Of course, the new media's misuse of Maehara's position opened the door for the opposition to criticize the ruling party and the government, with Liberal Democratic Party Secretary-General Ishira Nobuteru blasting Maehara and Fujimura for having no sense of how diplomatic relations are conducted (ja)

Even editorial cartoonists, who should know better, have had misguided fun at Maehara's expense. Here is the Tokyo Shimbun's Tuesday morning edition cartoon, drawing parallels between Maehara's stance on Japan 's TPP negotiations to Kim Jong-il's stance on participation in the Six Party Talks.

Panel 1 – Label: TPP
President Barack Obama : "Japan has to quickly commit to participation."

Panel 2 – Label: In and out, in and out
Maehara: "If we participate, there's the option of pulling out."

Panel 3 – Label: The Six Party Talks
Kim Jong-il to Maehara – "That's right. There's the option. There's the option."

Title: "Doing It The DPRK Way"

Poor Foreign Minister Gemba Koichiro. He has had to go out of his way to reassure international partners that Japan is not entering into negotiations willy-nilly without any guarantee of sticking around (en). Not what he thought he would be doing when he accepted the job from Noda Yoshihiko, I am sure. Note also that the report on Gemba's refutation of the principle of Japan entering into negotiation with an option to pull out perpetuates the false narrative that Maehara and Fujimura are arguing for just such a right.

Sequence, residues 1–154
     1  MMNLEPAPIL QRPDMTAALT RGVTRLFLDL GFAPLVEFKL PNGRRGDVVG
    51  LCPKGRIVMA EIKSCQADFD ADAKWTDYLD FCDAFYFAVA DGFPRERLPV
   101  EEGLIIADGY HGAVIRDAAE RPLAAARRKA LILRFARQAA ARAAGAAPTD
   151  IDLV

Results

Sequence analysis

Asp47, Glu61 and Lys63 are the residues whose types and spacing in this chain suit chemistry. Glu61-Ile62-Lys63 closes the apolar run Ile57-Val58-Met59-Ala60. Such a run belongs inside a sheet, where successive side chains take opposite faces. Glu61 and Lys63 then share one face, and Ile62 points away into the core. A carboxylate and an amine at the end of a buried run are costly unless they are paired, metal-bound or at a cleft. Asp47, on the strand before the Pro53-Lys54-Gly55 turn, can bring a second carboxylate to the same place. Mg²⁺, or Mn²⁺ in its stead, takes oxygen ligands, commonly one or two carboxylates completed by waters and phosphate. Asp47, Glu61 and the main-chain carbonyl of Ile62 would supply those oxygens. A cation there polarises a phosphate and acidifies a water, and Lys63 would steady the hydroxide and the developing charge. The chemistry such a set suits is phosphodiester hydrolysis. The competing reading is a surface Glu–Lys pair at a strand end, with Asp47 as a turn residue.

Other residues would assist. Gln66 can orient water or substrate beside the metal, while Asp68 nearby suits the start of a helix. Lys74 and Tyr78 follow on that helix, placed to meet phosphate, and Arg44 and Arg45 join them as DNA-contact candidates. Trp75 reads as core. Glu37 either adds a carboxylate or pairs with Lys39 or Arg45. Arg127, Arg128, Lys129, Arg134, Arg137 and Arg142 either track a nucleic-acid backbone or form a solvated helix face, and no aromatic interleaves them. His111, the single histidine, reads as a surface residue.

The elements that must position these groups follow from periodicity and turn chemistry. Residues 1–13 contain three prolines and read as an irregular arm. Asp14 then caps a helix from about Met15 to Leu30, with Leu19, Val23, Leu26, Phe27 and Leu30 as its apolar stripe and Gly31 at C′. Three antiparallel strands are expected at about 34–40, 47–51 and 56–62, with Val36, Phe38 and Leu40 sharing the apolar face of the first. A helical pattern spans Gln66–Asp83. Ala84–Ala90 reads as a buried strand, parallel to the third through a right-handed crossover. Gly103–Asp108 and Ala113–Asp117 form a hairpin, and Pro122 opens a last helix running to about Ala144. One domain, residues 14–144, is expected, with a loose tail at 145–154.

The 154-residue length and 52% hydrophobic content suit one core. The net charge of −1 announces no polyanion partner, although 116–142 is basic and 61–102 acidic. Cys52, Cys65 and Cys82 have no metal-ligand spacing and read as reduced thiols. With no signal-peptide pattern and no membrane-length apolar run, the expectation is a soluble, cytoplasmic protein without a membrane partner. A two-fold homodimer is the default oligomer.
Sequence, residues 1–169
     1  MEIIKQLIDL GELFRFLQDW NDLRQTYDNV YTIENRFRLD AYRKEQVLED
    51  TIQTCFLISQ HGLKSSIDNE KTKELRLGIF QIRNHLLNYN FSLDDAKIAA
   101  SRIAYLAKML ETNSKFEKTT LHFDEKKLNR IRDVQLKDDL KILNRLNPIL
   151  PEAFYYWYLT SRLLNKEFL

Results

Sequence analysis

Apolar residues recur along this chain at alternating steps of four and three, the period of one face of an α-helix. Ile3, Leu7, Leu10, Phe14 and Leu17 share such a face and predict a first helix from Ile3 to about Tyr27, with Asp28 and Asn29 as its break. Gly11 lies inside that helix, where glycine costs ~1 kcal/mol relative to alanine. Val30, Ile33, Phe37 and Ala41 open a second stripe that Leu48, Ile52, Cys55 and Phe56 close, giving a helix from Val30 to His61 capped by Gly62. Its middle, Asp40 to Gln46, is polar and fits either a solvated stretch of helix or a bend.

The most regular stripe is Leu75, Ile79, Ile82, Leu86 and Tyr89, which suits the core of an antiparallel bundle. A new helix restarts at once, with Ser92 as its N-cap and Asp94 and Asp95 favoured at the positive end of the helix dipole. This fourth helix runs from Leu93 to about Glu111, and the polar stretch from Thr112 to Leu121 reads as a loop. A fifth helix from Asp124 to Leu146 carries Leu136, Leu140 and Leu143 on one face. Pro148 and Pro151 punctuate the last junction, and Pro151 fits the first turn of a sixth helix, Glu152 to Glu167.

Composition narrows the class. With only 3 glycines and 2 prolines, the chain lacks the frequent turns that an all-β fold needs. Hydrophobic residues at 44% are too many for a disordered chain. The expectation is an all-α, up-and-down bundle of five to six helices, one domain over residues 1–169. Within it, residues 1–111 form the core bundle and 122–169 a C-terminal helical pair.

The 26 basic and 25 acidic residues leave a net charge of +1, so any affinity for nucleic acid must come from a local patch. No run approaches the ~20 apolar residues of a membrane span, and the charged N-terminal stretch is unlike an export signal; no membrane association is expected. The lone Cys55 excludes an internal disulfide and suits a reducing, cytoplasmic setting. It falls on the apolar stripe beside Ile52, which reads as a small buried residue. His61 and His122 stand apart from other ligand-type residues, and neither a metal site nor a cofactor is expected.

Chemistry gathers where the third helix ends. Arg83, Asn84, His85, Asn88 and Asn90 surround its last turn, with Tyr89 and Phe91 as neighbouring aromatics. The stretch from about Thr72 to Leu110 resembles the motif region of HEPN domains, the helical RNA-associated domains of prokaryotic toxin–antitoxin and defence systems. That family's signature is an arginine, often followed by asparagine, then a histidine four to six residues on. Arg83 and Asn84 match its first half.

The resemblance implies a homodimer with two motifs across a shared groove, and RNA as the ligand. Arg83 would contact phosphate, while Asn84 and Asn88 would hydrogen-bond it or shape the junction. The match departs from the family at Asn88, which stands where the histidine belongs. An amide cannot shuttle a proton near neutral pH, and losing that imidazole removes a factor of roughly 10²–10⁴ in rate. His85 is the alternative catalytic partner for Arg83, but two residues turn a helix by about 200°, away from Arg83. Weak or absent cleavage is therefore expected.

The press has bought into that narrative. The government and the citizenry are being swept up into it, no matter what anyone wants or does.


* There have been further additions to the policy making diagram since I wrote about it, putting one more advisory council in between the DPJ Policy Research Council and the Cabinet. In general, however, Maehara's special status has been preserved.

Image: Tokyo Shimbun of October 25, 2011.

Wednesday, October 19, 2011

An Indefensible Decision

I do not side with Communists very often as I do not believe, as they seem to, that nearly every one of Japan's problems can be solved by providing more day care centers for working mothers (not that providing more day care centers would help solve some problems, mind you).

However yesterday, the Communists in the Tokyo Metropolitan District Assembly were dead on when they tried to stop the passage of a resolution on an official invitation from the TMD Assembly to the International Olympic Committee for the TMD to be the host for the 2020 Summer Games (ja).